After her statue was installed, ‘The Little Mermaid’ gained a good deal of additional fame. This only increased further with the release of the 1989 Disney movie – although it varies quite a bit from the original. Disney has adapted many other fairy tales over the years as well, and in most cases, cleans them up somewhat. They remove the darker elements, and give the heroes their happy endings. Of course, Disney versions are not without their own criticism, especially from a feminist, and a racial/cultural perspective! But the global scale of Disney means that more people are familiar with their version of ‘The Little Mermaid’ than the original.
One of the important things to know about ‘The Little Mermaid’ statue, is that it’s small. A lot of people are expecting a grander affair, but in fact, she is the smallest attraction in Copenhagen! She is just 1.25m (4ft) tall and weighs 175kg (385lb). It often gets quite crowded around her as well. To reach her from land, you have to walk or cycle north from the city centre, to the end of Langelinie Pier. Many sightseeing buses pass by this area too, or you can take public bus 26 which stops nearby.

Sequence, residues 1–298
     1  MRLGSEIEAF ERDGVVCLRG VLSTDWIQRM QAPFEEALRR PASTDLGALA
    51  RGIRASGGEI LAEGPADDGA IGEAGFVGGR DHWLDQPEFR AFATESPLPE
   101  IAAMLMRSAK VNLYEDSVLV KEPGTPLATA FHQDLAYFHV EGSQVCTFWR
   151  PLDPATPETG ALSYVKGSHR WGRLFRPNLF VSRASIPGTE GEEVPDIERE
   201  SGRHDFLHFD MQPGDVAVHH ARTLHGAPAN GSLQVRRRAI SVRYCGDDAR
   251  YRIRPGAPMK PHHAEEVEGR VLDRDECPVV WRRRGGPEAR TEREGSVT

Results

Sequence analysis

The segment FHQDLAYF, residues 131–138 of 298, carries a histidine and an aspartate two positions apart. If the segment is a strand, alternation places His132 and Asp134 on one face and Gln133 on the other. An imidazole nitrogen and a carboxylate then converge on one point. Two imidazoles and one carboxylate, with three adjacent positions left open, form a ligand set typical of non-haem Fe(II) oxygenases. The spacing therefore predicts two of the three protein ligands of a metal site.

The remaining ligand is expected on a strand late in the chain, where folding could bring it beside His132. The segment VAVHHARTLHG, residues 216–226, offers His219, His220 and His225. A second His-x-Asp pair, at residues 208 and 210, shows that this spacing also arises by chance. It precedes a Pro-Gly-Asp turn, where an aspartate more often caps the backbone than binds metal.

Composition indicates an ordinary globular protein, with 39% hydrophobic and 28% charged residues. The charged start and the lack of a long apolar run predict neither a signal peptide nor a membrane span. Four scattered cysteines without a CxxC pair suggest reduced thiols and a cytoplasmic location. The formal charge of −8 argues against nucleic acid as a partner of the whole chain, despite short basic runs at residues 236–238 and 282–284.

Another option is to view her from the sea. There are boat tours available around Copenhagen’s canals and harbour, which will pass by her. Of course, you will be further away than if you go by land, and you will be viewing the statue from behind, as she faces inland.
Other Hans Christian Andersen Locations